As they say, in America, “School’s Out!” On the evening of Saturday 28th June 2008, school was pretty much out for a group of teenage London boys. Their GCSE exams were finally over and, despite nor being legally old enough to drink, they were having a night out to celebrate. They went to Shillibeers (left), a popular bar and brasserie in Holloway. Among the group was Ben Kinsella, a 16 year-old pupil at Holloway School.
During the course of the evening an argument broke out between one of Ben’s friends and a group of other young men. It seems it was yet another chapter in the sorry tale along the lines of “Who d’you think you’re looking at?” Apparently peripheral in the row, but eager to get involved, was Jade Braithwaite. 19 years old, and 6’6” tall, he already had an extended criminal record for various offences involving drugs, robbery and violence.
Ben Kinsella was at no time involved in the disturbance, which was eventually broken up by the pub doormen. In the small hours of the morning, Ben’s group decided to call it a day, and set off to walk home, unaware that Braithwaite had ‘phoned two friends – Juress Kika and Michael Alleyne, both 18 years-old, and with similar histories of violence – to say that he had some unfinished business and needed their help. Below, left to right, Kika, Braithwaite and Alleyne.
When Braithwaite, Kika and Alleyne reappeared, Ben’s friends – who had been involved in the original fracas – decided to run for it. Ben, wrongly believing that he had nothing to fear, simply carried on walking. In a short but savage attack, lasting just a matter of seconds, the trio kicked Ben to the ground and inflicted a flurry of stab wounds to his body, puncturing his lungs and pulmonary artery. He was able to stagger from the scene, and collapse into the arms of his friends. Despite the best efforts of the medical services, he died later that morning, from catastrophic and irreplaceable blood loss. The moments before and after the attack were captured on closed circuit security cameras.
The map below shows the location where Ben was stabbed.
The three killers were quickly captured by the police, but during the resultant investigation, Braithwaite and Alleyne first denied knowing each other, and then tried to blame each other. Throughout the process, and during the trial, Kika, exercised his right to silence. Each was sentenced to 19 years in jail, and this was later upheld when they appealed against what they said was the severity of the sentence.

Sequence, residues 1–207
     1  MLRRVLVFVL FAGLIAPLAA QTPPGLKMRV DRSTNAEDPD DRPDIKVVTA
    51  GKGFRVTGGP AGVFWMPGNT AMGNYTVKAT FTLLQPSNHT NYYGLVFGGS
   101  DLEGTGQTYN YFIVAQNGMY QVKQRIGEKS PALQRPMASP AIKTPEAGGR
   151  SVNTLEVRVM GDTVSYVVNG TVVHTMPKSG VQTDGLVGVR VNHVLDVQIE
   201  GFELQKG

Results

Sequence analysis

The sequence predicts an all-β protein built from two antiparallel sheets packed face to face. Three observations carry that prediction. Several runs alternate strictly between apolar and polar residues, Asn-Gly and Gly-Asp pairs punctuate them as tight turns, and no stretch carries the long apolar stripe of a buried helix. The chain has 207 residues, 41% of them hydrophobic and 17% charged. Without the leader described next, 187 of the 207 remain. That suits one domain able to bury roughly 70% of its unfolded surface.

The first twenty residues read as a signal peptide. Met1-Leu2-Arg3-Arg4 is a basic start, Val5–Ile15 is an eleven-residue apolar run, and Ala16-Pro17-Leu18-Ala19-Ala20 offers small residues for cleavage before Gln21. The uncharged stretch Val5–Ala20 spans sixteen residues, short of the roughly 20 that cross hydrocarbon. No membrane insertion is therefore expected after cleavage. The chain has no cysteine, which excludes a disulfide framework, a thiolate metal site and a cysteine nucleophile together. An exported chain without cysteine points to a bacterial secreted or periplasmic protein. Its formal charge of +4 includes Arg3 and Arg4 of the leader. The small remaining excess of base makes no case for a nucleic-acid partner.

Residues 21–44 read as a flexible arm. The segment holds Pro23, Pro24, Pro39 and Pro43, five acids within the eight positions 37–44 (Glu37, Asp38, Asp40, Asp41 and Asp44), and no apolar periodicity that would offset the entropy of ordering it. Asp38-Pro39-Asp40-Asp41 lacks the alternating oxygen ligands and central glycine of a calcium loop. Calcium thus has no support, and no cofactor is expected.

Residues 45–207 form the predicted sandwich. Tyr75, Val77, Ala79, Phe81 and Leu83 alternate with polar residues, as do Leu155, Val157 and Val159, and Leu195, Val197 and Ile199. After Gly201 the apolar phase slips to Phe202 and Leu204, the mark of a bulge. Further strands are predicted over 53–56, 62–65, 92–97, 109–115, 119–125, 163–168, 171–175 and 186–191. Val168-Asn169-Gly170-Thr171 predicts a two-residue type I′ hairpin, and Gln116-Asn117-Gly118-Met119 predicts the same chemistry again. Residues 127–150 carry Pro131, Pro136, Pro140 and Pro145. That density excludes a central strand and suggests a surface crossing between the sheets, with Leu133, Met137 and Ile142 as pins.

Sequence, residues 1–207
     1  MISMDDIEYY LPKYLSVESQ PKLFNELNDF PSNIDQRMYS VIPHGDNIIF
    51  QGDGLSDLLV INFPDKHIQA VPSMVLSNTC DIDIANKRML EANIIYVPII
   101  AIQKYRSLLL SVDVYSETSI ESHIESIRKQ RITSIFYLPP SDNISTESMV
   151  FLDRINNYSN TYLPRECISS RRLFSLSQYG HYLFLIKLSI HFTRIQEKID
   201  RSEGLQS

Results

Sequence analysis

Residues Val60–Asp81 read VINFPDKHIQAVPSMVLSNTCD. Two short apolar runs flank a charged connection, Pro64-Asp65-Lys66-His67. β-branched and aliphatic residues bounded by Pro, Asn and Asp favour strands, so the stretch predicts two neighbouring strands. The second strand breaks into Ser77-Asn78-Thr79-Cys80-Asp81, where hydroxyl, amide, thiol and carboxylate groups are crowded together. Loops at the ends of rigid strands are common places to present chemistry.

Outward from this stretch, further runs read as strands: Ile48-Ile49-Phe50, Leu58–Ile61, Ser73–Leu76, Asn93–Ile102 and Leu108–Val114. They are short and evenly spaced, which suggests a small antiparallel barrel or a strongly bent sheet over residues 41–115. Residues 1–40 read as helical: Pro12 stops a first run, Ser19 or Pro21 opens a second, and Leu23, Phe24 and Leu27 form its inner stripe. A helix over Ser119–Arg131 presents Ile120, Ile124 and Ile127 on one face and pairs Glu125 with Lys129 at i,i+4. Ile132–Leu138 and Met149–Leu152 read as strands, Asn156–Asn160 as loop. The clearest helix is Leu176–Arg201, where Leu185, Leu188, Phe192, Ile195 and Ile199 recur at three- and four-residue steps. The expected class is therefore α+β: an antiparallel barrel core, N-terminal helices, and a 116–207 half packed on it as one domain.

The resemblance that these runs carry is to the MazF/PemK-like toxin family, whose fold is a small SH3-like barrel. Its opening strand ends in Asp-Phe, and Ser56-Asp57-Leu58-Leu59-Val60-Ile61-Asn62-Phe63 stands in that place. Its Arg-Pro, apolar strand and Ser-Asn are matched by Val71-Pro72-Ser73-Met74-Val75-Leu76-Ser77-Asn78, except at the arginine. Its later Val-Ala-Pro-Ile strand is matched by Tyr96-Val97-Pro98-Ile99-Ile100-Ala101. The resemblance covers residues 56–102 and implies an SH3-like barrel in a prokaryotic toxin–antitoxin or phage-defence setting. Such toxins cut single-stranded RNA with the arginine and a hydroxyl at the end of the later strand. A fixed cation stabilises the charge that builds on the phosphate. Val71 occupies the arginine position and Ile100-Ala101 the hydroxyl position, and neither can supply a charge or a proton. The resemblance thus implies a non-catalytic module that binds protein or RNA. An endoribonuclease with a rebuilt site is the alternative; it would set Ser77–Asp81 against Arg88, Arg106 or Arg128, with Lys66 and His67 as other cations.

It is worth adding, in full, the complete victim statement made to the Old Bailey court by Ben’s mother, Deborah.
“I make this statement and the feelings and emotions are felt by all my family but no amount of words could ever express the daily pain we feel for the loss of Ben. On 29 June 2008 our beautiful son Ben was brutally and savagely stabbed to death. We as his family have been left devastated and in total despair. Our whole world has been totally turned upside down. Ben went for a good night out and never came home again.
Ben had only just finished school – a straight-A student, he had a job and had got his place in college (he never learnt of the wonderful exam results he had achieved and worked so very hard for). Ben loved life, he loved living and he had so much to live for. He knew where he was going and where he wanted to be.
Ben loved nothing more than to make people laugh, he was a fun-loving, happy-go-lucky boy with a heart of gold and would do anything for anyone. A testimony of this was his funeral that was attended by so many friends who filled the church and pavements outside.
Ben loved art and wanted to be a graphic designer, he loved his family, cooking, football, music and girls. The people who murdered him knew nothing about our Ben, not a hair on his head, a bone in his body, not anything about our wonderful son. They had never met him before or spoken to him – they just cruelly took his life away with knives for no apparent reason.
We had brought Ben up to always walk away from trouble. This sadly cost him his life. He walked away to get safely home and they took advantage of that – he was one boy on his own. It seems unfair their intent was to stab someone that night.
We were a big, happy, loving family (we are one down, one missing). We are hard-working and just wanted the best for all our children in life. There are now just three of us at home. We have had to move house because it broke our hearts to not see Ben in his bedroom curled up sleeping and safe in his bed. We so miss Ben’s love and laughter and most of all the boy thing in our family. Ben was our precious son that we cherished and were so immensely proud of, and by the way we had brought him up.
He had values and respected everyone he met. We as a family will never know the man he would have become, the wife he would have met and the children he would have had. This has all now been taken away from siblings, his grandmothers, aunts, uncles, cousins, friends and us.
No parent or sibling should ever have to go through or see what we have seen with our son. He died in front of us, we then had to visit him in a morgue, the undertakers and finally to bury him. We can now only visit Ben at a cemetery, our beautiful son who so loved life.
We cry every day for the loss of Ben, we do not sleep like we did before. Nearly a year on our nights are still filled with nightmares, of our son’s last moments and what he went through that fatal night. Our lives will never be the same – we have all been so deeply affected. We as a family will never get over the loss of our Ben. We are just trying to get through it. Our family now face a lifetime of feeling this way.
Nothing we can say or do will ever bring Ben back. All we can hope and pray for is that justice will prevail, maybe then we can find some form of closure to this awful event that has devastated our family’s lives.”